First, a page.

Finally, we wish to express our belief that, should the need arise in the future for a new settlement utility, or should this be deemed desirable by industry participants and regulators, the most logical choice for such a utility is The Depository Trust Company ("DTC") 4. In making this observation, we are aware that any private entity that serves as the new settlement vehicle would need to be able to provide significant financing services to market participants, and that DTC does not have capital or liquidity resources equivalent to those of Chase or BNY; thus, it would need alternate sources of liquidity, which potentially could include the Fed itself.
The Government securities marketplace continues to be the largest and most important financial marketplace in the world, and of vital significance to markets, investors, businesses and economies in the U.S. and around the world. In view of this, there must be assurance that the entire clearance and settlement process for that marketplace will function at the highest level of safety and soundness over the long term and satisfactorily meet ongoing market needs. For this reason, ultimate responsibility for the clearance and settlement process should be viewed as a public trust, one that cannot be dependent upon contractual arrangements with, and the business plans of, commercial entities with diverse and wide-ranging business interests and risks. Instead, there must be more direct accountability to a devoted authority comprised or representative of all the key market segments.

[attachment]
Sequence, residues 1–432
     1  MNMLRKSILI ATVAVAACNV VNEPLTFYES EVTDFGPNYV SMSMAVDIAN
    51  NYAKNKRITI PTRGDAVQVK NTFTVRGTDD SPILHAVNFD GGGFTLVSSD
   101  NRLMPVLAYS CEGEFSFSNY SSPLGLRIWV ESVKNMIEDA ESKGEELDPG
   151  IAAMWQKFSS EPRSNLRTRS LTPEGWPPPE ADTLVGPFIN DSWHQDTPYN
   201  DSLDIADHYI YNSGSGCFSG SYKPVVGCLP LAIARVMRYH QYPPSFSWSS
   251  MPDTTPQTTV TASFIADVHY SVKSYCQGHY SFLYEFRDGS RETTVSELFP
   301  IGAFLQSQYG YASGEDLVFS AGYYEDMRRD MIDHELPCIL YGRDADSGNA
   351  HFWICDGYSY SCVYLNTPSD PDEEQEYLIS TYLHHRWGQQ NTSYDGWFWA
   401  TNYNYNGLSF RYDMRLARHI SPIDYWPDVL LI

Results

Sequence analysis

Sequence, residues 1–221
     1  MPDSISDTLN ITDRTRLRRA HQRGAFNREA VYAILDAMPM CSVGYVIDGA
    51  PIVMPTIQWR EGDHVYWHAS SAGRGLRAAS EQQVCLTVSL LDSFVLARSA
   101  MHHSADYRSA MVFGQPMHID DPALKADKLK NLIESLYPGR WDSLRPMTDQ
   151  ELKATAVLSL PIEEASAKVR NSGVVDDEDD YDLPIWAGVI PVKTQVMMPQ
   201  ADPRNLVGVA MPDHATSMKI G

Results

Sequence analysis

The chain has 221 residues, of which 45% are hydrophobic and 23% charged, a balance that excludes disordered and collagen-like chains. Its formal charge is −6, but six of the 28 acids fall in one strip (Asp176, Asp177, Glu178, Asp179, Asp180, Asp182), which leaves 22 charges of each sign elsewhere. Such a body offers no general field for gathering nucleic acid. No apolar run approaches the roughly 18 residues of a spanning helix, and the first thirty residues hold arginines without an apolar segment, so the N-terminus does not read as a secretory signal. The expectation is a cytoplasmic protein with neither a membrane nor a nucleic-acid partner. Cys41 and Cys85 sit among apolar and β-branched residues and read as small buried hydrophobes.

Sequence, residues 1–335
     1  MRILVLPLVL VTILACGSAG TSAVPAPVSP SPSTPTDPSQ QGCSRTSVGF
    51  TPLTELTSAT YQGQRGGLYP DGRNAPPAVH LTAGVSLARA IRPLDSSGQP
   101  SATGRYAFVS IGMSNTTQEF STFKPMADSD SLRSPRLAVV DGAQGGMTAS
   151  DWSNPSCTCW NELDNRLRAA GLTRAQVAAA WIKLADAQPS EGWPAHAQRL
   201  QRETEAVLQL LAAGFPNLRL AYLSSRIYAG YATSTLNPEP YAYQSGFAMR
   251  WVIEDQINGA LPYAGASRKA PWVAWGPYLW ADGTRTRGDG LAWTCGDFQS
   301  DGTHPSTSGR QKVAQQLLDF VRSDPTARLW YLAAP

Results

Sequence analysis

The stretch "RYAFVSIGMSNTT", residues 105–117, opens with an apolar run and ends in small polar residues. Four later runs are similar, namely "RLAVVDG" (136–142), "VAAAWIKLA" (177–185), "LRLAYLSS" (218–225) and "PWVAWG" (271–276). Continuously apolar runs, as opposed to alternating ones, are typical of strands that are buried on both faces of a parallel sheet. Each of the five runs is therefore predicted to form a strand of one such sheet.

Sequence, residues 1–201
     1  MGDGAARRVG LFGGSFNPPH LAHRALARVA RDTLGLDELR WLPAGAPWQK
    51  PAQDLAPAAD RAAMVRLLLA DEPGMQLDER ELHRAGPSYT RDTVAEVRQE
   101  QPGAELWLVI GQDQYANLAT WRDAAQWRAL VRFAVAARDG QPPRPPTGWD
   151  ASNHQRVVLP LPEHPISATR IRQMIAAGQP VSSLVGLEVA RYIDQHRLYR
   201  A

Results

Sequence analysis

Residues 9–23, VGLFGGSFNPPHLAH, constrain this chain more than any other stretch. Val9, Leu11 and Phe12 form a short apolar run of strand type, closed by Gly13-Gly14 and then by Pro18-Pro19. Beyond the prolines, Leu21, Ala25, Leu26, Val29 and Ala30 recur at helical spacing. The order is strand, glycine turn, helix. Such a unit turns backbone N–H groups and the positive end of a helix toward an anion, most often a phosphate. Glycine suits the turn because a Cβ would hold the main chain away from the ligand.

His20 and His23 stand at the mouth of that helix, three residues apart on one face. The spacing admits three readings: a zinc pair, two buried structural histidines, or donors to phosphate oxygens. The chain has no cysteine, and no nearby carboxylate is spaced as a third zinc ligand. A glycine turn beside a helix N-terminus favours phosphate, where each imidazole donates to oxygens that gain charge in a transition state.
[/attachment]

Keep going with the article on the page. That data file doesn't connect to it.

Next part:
The events that occurred in the post-9/11 period, in addition to uncovering operational risk issues, also demonstrated that we need to enhance our general oversight of the means by which all of the key entities in the settlement process - including GSCC, the Fed, and the settlement banks - interact with one another and coordinate their efforts. Each of these entities is critical to the overall settlement process for Government securities; the process is no stronger than its weakest link. Thus, there must be assurance that the clearing, settlement and depository functions work together in a seamless fashion to best serve the long-term interests of the marketplace.